“The Vane Sisters” was the story that Harold Bloom recommended in his How to Read and Why book list. In this story, a man reflects on his relationships with two sisters, one of whom was once his girlfriend. It also is incredibly subtle. (Highlight to read spoiler.) Nabokov’s subtle ending tells us that this man’s life really hasn’t been all that affected by the life and then the death of these sisters. It’s kind of depressing for the sisters, but an interesting realization for the man. It made me think about my own life and relationships. What impact do certain people have on me? For example, how often do I think about old boyfriends? Did they really impact my life significantly?
While I can only see myself rereading those two stories, there are a number of other stories that I keep remembering, even after starting the next story. Note that I do think Nabokov’s writing improved through the years; if you read the 60+ story volume as I did, start in the middle or go backward.
Here are some that stayed with me, with short introductions.
- “That in Aleppo Once…” His wife never existed, he’s sure of it.
- “A Forgotten Poet.” A dead poet arrives at the banquet held in his honor.
- “A Guide to Berlin.” One man recounts the small details of Berlin.
- “Music.” At a recital, a man sees his ex-wife across the room.
- “Perfection.” A very proper tutor is asked to take his young charge to the sea shore.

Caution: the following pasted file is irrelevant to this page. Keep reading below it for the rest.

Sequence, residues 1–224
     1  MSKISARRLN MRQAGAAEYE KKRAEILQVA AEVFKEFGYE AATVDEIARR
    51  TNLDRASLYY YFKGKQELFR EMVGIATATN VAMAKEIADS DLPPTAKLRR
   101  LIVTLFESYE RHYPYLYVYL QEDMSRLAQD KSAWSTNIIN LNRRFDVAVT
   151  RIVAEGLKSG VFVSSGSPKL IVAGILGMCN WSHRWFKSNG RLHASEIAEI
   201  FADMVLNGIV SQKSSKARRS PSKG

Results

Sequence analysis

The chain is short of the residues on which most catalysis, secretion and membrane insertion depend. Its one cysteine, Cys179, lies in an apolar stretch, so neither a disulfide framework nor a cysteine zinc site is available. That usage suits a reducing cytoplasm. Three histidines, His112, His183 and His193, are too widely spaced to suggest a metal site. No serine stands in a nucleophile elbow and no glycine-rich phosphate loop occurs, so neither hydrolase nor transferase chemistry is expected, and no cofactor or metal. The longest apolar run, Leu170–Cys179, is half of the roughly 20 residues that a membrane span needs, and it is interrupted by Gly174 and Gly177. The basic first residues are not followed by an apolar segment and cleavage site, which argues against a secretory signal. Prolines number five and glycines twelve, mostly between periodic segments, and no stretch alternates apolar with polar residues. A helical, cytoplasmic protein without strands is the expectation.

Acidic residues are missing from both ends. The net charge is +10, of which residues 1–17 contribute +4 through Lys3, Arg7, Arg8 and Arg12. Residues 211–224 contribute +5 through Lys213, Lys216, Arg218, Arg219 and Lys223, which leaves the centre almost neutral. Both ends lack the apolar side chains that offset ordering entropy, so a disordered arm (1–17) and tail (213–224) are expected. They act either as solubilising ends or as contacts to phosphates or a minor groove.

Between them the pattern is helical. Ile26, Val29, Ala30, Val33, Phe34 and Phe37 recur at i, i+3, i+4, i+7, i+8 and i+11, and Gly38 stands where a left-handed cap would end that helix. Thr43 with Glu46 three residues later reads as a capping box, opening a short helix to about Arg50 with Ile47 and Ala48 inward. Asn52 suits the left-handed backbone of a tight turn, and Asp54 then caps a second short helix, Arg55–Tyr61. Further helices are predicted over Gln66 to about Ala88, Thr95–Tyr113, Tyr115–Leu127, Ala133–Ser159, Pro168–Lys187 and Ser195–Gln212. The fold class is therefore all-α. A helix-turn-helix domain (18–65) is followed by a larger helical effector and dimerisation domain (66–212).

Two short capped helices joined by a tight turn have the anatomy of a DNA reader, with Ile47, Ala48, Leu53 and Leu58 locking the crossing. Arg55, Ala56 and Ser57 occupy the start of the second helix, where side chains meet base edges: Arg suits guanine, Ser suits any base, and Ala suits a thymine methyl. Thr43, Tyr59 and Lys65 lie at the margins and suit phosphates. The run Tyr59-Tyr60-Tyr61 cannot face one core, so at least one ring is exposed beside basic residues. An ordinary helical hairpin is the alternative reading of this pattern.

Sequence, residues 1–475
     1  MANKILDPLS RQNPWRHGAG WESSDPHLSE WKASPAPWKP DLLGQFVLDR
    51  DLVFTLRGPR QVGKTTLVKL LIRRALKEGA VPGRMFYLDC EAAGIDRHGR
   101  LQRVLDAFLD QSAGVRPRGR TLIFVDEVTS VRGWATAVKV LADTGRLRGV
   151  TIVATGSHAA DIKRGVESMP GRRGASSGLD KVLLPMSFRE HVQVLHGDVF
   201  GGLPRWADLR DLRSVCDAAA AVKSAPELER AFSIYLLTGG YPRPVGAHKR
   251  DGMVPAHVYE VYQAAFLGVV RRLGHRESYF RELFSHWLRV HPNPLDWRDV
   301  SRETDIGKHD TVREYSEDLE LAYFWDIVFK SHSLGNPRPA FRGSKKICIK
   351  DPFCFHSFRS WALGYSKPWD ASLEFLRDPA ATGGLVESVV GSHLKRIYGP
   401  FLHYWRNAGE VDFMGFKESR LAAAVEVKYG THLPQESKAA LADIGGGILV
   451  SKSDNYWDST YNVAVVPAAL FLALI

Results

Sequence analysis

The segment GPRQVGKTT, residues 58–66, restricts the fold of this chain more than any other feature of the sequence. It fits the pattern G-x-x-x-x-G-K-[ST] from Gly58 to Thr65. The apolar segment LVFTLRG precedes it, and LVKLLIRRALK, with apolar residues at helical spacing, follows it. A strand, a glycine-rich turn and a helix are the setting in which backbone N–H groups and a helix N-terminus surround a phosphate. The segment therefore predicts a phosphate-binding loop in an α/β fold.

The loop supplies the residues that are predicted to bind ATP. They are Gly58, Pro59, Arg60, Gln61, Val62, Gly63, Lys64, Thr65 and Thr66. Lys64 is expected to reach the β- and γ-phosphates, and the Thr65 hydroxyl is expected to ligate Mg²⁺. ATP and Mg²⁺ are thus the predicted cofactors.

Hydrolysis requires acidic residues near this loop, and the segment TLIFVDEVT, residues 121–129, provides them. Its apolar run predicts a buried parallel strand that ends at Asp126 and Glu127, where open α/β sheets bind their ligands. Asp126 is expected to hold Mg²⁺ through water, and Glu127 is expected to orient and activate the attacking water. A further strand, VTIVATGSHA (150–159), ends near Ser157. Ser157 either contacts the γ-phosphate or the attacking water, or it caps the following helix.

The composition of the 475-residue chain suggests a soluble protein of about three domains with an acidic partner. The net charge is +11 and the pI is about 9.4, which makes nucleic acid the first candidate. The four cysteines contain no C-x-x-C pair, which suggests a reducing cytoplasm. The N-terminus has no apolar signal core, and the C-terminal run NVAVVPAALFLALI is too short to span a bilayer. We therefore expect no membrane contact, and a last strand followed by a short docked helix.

- “The Visit to the Museum.” A man goes to a museum to acquire a painting for a friend – and gets lost inside.
- “An Affair of Honor.” A man finds that his wife is having an affair with his friend, an ex-cavalry man, and he must fight a duel to save his good honor.
- “A Slice of Life.” The woman once loved him; now that his wife has left him, he has come to her to get drunk and commiserate.
- “The Dragon.” A dragon awakes after his ten-century slumber.
- “The Fight.” The elderly man he sees at the beach is also the bartender; he observes one night’s bar fight.
- “The Potato Elf.” A small dwarf in the circus seeks love.
- “Terra Incognita.” A group of bug collectors in the tropics get sick, lost, and angry at one another, as told from the perspective of the ill, delirious man.
- “The Reunion.” Two brothers, one living in Russia and one an émigré in Germany, meet after ten years.
- “Breaking the News.” The elderly, deaf woman’s son has died, and no one wants to tell her.
- “Cloud, Castle, Lake.” A man is forced into his first vacation, and he’s hoping that he’ll find the elusive happiness he seeks.
- “The Thunderstorm.” A man awakens in a storm to see Elijah dropping his mantle for Elisha.
The Bottom Line
Have I made myself clear? Maybe not. To be safe, here it is as clearly as I can write it:
Read Nabokov’s short stories, at least one or two. His writing is incredible.
Have you read already read Nabokov’s stories? What did you think? How would you describe his writing style and the themes he writes about?
Note: Because Vladimir Nabokov’s stories are not in the public domain, I cannot link to them online. Here is Wikipedia’s information about him.